got me a college girl

in celebration of formal education in the life of the Christian girl

Friday, July 08, 2005

Confusion about having a college girl (Mollie)

Due to some recent confusion raising the questions, "Who has got a college girl?" and "Is this blog promoting the shameful practice of going to college in order to earn an MRS. degree?" We give you, the college-girl readership, sidebarrage answering such questions and, hopefully, giving a more noble explanation than many of you might expect.

edited to say, note the revised side-bar.

thanks for the input, girls!


  • At 11:55 AM, Blogger Givengrace :: said…

    I am all for girls going to college. In fact, I (a female) am beginning graduate school in September. "Got me a college girl" is a cute title, and I also firmly believe college is valuable - because gaining an education will build your intelligence and job marketability in a way that nothing else can.

    However, when I read your sidebar, I found myself questioning a few of the points you made. Reasons like "my local church benefits from the virtues of patience, faithfulness, and self-control that Christ has worked in a particular way in my life" and "what my educated person contributes to society as a whole: a Christ-loving, hardworking, gracious, intelligent citizen who works to create a better world for us and for generations to come" and even "my marriage possesses healthy communication and approaches problems with maturity."

    I suppose I immediately thought of two things:
    1) Christian women can no doubt become patient, Christ-loving, gracious, and intelligent even without a college degree.
    2) Women who gain a college degree do not necessarily gain maturity or character.

    I'm not intending to over-analyze this, but these contentions did come to my mind, and I'd be interested to hear your response.

  • At 3:13 PM, Blogger greenemama said…

    you make good points. so . . . we're working on it!

    thanks for being gracious as we get this thing up and running!

  • At 1:35 AM, Blogger Ashley said…

    This is such a great idea for a blog; I'll be sure to come back!! I'm currently a young married Christian woman who is working on her PhD. :)

  • At 1:03 PM, Blogger Camille said…

    That reminds me of a larger question that we discuss in my classes called the "Q-Question." It asks, in a lengthy way, what's the purpose of education? Does education itself produce more moral people or must education be judged by its morality? And what is morality? Long story -- but I must agree with you, givengrace, that college itself doesn't make people more moral. But religiously NOT going to college, as I'm sure you agree, doesn't make you more moral either. ;)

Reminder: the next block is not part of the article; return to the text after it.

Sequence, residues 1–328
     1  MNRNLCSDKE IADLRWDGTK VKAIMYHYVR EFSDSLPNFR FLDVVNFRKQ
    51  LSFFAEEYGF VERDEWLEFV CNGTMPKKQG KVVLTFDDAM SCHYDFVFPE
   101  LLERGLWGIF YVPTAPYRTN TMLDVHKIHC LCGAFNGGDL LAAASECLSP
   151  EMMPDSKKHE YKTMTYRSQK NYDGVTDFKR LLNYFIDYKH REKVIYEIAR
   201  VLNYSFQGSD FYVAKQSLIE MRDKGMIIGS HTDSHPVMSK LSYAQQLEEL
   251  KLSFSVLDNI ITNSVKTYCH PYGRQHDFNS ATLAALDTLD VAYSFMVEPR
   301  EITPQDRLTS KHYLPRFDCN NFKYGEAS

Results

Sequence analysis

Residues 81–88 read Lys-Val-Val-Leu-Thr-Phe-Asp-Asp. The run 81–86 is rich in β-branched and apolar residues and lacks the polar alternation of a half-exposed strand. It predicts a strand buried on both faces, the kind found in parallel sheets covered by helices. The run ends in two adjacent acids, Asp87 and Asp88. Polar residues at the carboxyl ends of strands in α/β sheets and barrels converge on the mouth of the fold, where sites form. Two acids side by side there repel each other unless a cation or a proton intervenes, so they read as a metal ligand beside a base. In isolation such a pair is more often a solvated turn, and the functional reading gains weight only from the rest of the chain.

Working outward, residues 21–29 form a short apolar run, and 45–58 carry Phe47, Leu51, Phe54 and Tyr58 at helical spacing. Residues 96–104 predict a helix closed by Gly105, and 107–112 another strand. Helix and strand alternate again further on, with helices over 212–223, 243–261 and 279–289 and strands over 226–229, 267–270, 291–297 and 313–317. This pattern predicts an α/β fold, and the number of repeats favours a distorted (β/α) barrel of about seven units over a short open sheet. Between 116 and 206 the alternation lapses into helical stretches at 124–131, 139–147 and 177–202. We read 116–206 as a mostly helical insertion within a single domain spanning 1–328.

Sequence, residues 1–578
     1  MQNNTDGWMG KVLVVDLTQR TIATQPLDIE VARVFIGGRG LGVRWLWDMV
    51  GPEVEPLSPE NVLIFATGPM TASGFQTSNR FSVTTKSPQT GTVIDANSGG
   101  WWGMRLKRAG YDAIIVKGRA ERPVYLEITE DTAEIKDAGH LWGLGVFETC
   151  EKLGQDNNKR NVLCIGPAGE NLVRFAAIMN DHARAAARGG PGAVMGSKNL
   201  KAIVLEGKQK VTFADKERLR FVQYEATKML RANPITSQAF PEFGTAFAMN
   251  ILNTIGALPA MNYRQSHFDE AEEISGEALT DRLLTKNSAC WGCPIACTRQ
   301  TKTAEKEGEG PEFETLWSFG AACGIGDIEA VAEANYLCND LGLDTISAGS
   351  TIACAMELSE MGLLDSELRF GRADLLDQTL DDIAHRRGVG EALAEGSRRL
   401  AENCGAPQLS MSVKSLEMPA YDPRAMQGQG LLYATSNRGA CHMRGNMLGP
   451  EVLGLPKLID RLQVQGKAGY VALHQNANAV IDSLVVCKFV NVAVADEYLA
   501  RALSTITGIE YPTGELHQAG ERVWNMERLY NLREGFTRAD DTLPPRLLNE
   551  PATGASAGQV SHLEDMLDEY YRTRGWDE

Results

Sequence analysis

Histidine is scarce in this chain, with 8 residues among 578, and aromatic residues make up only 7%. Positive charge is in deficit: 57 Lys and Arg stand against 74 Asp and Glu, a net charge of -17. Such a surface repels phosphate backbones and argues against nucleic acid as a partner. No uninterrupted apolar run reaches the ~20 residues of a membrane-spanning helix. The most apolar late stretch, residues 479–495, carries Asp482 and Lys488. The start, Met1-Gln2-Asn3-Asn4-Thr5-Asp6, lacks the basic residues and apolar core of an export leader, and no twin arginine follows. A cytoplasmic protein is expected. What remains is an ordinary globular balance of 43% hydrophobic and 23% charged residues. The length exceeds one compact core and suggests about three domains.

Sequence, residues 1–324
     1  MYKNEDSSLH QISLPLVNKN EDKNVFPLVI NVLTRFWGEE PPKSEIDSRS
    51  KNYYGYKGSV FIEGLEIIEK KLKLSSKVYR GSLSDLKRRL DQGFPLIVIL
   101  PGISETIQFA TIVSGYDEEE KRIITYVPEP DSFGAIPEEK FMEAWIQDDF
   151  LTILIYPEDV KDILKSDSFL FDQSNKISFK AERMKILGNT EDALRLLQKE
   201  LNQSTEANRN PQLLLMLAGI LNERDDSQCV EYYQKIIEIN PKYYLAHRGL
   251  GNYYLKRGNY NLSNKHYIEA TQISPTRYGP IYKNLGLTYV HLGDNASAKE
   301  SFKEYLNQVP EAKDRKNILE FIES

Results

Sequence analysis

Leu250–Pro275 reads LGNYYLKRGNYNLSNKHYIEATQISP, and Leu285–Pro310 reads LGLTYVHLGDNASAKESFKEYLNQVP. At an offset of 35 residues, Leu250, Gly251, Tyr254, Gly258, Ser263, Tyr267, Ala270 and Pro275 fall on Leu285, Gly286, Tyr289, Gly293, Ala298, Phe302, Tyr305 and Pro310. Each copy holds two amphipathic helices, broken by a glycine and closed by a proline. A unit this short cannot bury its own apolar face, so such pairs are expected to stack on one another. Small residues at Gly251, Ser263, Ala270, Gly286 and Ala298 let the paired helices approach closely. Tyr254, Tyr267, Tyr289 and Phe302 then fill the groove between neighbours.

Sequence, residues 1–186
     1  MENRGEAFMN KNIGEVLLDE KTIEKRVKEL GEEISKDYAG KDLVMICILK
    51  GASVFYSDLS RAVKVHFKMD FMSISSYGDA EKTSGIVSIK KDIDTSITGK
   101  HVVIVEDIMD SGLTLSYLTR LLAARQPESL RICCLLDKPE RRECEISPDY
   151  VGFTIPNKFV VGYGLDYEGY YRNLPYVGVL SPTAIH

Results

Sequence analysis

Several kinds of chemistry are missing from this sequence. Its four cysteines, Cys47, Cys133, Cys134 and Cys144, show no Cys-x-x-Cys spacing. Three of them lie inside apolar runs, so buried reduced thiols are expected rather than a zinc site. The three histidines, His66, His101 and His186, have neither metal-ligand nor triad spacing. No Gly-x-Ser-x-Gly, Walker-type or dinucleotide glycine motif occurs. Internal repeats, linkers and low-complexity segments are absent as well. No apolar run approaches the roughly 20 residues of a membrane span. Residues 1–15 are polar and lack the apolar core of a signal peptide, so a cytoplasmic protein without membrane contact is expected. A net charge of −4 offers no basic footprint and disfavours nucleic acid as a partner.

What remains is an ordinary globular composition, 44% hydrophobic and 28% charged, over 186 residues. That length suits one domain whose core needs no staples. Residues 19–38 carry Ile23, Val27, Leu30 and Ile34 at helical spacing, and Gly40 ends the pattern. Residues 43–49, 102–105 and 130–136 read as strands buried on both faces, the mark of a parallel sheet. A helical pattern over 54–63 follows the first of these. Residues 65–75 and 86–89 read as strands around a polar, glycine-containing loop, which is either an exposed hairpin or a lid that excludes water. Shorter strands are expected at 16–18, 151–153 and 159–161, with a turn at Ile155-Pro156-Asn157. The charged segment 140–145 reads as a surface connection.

• At 4:16 PM, Blogger Tim's Mom said…

    I love the concept of equal opportunity in education, I hope to instill in my children an attitude that their education is something that will continue for life. But, reading through some of the posts here, I get the feeling that it's more than education being talked about here, it's the whole "college experience." Is there an intrinsic value to "going away to college"? What if I can't afford to send my child to college? What if my daughter (or my son, for that matter) wants to experience the world in a different way? Or are we strictly talking about not limiting them by grooming them for a career as a homemaker, but allowing them the college option if they choose it for themselves?

  • At 8:02 PM, Blogger prairie girl said…

    Tim's Mom,

    You have asked some good questions.

    For me, it was a great thing to go away to college. I had gone to a public high school and then to a Christian college. It was wonderful to meet so many other believers, to have Christian profs, to experience fellowship not only in the classroom but also in the dining hall etc.

    Once we made the choice to homeschool and had convictions about having a Christian education for our children, our only option was to send them away as we have no local Christian college. So two went away to school and another son did distance law school through Oak Brook.

    As far as paying for it, we were blessed with a grandparent who wanted to foot the bill. Our 4th child just graduated from high school and plans to do distant learning for his gen eds from Liberty and then transfer to Bryan if we can get some financial aid. (It is alot more costly than what the older kids did.)

    One of my friends has a daughter who only completed 1/4 year of high school science and half a year of math. But she did great on her SATs and went to junior college for a year, making a 4.0 grade point. That got her a full scholarship to a Christian college near enough to live at home.

    What I am mostly concerned about is that we offer our daughters choices. And we can end up being surprised by what happens. Too many people are just assuming that their daughters won't go to school for whatever reason when they should be trusting that God may have other plans to use their gifts and talents.

  • At 10:21 PM, Blogger Givengrace :: said…

    I didn't get a chance to return and comment until now, but I appreciate and respect your responses. Your blog definitely has my support; may many more thinking women join this following!


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